Author Topic: March 21 - LongTimeUnderdog - The Canticle and the Forge, Chapter 12  (Read 2482 times)

LongTimeUnderdog

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Chapter 10 - Jin is rescued by his friend Chalinae.

Chapter 11 - There are consequences.

Chapter 12 - Jin gets in deeper.

hubay

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Re: March 21 - LongTimeUnderdog - The Canticle and the Forge, Chapter 12
« Reply #1 on: March 22, 2011, 06:27:01 AM »
Have you thought about changing the wording you use for Huuk? I'm sure you like the word because it fits with your world, but it might be easier if you used a word derived from english so it's more accessible. Everytime I run accross it I have to pause and try to remember how time is divided in your book. Part of that is probably just me forgetting after a week of not reading your story, of course. But unless you're set on huuk, it might make more sense to use words like thirdday or fullday or partday, or something that makes more sense that. Kind of like how the decimal-loving Apt in Shadows of the Apt restructure their weeks as "tendays." This way readers get the sense that your world is out there, without getting too lost.

Anyways – the actual chapter:

You have a tendency to write question sentences with out a question mark. Just a typo thing, but I'd watch out for it. I also think it's odd that Jin thinks of his father as "Talvin." Unless I missed something – like he's his stepdad – this just seems off. Kids think of their father as 'father.'

I was worried you'd be too heavy handed with the 'cultural differences' concerning devils and magic. While you didn't overdo it, I still think your first paragraph has too much exposition in it. Instead of talking about the specific names of the tribes, just say something like "Jin had never seen a living dando, but he'd heard they were enormous – some of the desert tribes even thought they were demons." Or something better worded than that. When you touch on it again during their conversation, I thought it went a lot smoother, so it's possible your first paragraph didn't need anything at all.

I thought the conversation with Talvin was handled well. There's affection there, but you get the feeling Talvin is strict and maybe a little too analytical to be good with people.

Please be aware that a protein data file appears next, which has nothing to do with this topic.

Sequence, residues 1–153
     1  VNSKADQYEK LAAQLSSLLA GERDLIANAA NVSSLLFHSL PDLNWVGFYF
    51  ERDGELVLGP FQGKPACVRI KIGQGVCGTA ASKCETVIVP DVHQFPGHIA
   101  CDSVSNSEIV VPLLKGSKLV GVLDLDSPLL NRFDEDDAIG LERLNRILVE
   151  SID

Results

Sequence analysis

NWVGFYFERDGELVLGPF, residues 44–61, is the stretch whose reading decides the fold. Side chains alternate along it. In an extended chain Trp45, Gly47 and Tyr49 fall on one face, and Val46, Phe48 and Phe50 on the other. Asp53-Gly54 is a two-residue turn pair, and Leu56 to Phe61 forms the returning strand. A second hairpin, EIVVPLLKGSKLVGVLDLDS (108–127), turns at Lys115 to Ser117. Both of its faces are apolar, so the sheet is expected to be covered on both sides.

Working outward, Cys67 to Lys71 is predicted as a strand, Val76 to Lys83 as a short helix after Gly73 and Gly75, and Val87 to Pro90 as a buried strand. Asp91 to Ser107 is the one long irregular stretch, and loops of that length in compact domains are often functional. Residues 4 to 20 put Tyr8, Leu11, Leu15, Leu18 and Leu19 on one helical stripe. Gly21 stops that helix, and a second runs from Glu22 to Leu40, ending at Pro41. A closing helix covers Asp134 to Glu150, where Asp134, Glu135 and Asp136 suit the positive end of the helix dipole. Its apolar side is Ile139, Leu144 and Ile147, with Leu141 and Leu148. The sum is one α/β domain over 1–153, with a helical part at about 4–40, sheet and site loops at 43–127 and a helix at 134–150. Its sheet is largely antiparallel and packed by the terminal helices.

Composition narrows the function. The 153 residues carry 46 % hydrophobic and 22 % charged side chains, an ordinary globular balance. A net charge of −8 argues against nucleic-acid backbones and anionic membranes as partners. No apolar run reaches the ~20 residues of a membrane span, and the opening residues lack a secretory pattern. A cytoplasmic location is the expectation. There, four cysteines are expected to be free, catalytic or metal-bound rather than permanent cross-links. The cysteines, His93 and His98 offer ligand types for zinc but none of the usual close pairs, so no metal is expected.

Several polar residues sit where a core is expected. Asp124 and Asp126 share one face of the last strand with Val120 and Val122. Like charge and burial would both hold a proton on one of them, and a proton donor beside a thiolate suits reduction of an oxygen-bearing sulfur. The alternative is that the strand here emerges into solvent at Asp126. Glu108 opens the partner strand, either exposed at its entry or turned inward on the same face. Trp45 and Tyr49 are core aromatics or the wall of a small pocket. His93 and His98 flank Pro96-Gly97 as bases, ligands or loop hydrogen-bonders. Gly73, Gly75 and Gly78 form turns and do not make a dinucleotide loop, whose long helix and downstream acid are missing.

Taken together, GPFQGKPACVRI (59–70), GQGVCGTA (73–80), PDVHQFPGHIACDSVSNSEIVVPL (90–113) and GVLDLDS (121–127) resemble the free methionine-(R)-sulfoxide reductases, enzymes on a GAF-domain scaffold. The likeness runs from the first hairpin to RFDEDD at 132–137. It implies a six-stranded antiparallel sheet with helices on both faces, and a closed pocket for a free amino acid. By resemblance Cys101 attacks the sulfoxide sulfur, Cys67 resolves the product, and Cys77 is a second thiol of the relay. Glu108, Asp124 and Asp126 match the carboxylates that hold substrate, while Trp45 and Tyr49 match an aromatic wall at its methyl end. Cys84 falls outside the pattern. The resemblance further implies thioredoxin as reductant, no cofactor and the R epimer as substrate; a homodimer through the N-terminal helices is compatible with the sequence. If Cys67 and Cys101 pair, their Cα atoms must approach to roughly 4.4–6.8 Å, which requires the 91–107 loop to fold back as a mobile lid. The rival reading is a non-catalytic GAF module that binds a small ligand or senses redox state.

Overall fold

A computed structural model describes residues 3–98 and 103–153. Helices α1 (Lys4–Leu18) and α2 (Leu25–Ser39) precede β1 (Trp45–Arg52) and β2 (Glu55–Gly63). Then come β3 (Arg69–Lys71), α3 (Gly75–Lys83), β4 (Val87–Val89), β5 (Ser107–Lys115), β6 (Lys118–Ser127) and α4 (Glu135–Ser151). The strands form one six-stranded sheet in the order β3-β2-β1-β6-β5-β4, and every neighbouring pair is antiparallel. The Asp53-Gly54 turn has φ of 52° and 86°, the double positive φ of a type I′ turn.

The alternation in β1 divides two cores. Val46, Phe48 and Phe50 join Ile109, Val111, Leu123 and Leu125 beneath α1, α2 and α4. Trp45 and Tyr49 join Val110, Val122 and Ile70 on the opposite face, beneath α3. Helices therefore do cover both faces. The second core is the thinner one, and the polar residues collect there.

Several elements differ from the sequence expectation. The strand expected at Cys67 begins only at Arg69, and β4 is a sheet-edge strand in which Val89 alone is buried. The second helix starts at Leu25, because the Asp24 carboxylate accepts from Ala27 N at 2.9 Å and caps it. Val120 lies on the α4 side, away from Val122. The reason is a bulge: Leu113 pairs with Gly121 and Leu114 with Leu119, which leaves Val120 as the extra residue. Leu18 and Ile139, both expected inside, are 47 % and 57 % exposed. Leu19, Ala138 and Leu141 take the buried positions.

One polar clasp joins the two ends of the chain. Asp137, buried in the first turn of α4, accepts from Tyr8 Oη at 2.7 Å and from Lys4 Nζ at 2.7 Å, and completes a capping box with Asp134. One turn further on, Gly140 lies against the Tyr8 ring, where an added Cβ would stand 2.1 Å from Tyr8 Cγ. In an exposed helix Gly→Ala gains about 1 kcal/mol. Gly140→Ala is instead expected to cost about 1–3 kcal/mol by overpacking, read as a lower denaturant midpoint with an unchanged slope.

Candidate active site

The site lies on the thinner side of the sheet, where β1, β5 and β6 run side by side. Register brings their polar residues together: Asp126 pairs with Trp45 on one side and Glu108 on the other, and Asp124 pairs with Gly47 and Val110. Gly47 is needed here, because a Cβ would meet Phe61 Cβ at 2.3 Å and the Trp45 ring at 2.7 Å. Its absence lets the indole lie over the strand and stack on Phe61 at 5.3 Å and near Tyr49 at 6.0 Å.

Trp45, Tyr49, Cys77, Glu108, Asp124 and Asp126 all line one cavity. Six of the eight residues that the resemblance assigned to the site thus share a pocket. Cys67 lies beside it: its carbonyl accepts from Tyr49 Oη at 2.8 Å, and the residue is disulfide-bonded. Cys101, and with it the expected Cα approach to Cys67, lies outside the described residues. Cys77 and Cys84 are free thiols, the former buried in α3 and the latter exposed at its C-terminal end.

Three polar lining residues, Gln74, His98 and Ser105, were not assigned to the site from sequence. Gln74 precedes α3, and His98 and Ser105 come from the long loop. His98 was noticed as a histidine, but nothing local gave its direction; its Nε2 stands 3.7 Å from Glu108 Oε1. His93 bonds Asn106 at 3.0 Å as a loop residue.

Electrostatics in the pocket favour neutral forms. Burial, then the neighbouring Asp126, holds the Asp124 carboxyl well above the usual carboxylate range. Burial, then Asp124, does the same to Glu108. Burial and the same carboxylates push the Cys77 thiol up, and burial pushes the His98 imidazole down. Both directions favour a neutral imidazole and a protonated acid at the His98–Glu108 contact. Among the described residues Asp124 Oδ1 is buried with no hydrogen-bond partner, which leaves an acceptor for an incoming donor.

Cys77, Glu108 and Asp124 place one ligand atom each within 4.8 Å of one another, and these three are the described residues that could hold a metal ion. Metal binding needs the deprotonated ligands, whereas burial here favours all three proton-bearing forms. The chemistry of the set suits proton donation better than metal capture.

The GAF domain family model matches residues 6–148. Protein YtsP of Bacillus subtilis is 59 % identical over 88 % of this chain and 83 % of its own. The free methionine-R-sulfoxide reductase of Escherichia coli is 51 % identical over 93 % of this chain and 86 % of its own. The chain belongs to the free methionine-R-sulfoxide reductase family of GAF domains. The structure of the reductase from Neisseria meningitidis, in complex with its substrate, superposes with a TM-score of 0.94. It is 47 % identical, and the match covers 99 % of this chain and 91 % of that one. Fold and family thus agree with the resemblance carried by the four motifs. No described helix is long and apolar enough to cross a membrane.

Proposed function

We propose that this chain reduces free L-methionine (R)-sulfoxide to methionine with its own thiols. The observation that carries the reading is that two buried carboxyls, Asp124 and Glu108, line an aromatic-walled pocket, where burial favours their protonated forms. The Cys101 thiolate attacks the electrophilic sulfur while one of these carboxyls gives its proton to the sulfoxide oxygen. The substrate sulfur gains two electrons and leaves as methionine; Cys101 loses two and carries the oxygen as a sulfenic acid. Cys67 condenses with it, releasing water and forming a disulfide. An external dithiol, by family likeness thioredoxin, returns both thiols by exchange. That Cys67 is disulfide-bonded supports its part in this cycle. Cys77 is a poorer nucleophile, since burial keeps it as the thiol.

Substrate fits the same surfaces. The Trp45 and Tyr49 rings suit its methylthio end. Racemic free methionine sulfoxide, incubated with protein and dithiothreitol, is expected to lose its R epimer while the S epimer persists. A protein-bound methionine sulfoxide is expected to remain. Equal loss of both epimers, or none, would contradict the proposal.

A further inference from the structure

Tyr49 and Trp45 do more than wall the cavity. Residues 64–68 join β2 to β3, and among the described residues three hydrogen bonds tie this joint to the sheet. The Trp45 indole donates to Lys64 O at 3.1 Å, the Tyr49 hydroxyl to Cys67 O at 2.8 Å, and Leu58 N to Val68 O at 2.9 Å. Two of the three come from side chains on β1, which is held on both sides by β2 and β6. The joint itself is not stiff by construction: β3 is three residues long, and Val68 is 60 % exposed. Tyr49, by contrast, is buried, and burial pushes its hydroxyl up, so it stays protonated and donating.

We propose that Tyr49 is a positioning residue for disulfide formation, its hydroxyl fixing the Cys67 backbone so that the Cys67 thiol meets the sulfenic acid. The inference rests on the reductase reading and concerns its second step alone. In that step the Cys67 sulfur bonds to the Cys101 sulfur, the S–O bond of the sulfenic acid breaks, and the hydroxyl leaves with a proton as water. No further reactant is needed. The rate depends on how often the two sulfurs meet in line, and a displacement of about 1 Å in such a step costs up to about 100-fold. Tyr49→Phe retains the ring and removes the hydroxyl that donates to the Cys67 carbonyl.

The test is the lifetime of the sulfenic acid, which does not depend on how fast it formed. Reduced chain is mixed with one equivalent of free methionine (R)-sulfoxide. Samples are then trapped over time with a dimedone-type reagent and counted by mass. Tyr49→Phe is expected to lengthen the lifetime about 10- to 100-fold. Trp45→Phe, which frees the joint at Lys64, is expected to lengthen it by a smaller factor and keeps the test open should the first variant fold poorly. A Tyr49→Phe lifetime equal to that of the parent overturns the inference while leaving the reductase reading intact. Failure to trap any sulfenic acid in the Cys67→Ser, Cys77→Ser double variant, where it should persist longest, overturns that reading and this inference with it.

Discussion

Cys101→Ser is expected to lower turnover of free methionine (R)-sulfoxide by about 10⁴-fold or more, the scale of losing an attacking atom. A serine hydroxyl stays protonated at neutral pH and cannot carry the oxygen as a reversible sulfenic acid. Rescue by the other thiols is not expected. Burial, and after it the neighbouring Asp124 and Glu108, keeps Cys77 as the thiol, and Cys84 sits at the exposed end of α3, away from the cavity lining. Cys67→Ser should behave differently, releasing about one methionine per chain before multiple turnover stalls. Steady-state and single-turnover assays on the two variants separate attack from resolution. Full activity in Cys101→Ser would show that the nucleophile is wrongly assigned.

You also draw attention to make-up twice with the girl at the door, but the first time you say it's dark, and the second you say there's a lack. I'd just switch the wording a bit so it correlates better.

I enjoyed Jin's invisible friend, and right now that's what I want to see progress the most. Your world's geography also intrigues me, with the nightfall-esque suns and the giant craters in the desert.

MannyBrainpan

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Re: March 21 - LongTimeUnderdog - The Canticle and the Forge, Chapter 12
« Reply #2 on: March 22, 2011, 09:19:19 PM »
I would agree with pretty much everything Hubay said. I am still a little lost in this storyline, particularly because you sent a 100 page document along with the new chapter, but that 100 page document didn't have anything to do with Jin or Talvin (who appear to be important characters right now). So, I AM getting the hang of the magic system with the songs and stuff (hence the name Canticle) but anyway, about the chapter at hand. I would agree that the beginning was strangely worded and I was totally lost at some points. Also, there is a sentence that Talvin says concerning his conversation with Chalinae, "She's nothing like I thought she was and I see why you enjoy spending time with her."
For an intellectual, kind of introverted father that I am supposing Talvin to be, this sounds rather simplistic and totally contradictory to his opinion in the previous chapter, I would assume that Talvin would be softening toward her, but wouldn't yet have enough info to make a conclusion, particularly because this girl got Jin in a lot of trouble in chapter 11(?)